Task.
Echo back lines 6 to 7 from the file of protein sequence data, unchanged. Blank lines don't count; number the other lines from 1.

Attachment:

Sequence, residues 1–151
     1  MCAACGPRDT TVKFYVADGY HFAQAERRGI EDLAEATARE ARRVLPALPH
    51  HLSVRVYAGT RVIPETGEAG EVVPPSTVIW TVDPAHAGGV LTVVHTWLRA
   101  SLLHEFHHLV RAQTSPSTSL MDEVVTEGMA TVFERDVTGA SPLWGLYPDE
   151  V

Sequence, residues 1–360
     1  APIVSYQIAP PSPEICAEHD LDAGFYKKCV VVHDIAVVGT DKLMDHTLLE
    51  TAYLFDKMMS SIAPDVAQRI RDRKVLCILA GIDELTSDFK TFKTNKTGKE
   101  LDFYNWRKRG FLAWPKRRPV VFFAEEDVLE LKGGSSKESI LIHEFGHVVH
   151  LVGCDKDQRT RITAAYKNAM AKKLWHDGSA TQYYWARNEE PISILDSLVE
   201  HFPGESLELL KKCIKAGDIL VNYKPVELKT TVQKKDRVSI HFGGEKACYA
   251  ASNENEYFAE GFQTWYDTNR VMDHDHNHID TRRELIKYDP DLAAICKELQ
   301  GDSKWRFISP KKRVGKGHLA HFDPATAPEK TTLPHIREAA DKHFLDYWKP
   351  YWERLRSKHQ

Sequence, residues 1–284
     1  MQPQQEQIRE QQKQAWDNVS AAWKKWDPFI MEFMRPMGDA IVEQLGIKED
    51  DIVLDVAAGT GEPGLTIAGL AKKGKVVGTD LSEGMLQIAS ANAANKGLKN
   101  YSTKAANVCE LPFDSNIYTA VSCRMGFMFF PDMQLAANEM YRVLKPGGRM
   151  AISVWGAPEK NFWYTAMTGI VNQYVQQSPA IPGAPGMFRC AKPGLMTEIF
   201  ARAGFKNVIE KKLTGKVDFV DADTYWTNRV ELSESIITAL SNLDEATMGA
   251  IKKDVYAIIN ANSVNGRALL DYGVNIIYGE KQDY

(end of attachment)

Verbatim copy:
Sequence, residues 1–360
     1  APIVSYQIAP PSPEICAEHD LDAGFYKKCV VVHDIAVVGT DKLMDHTLLE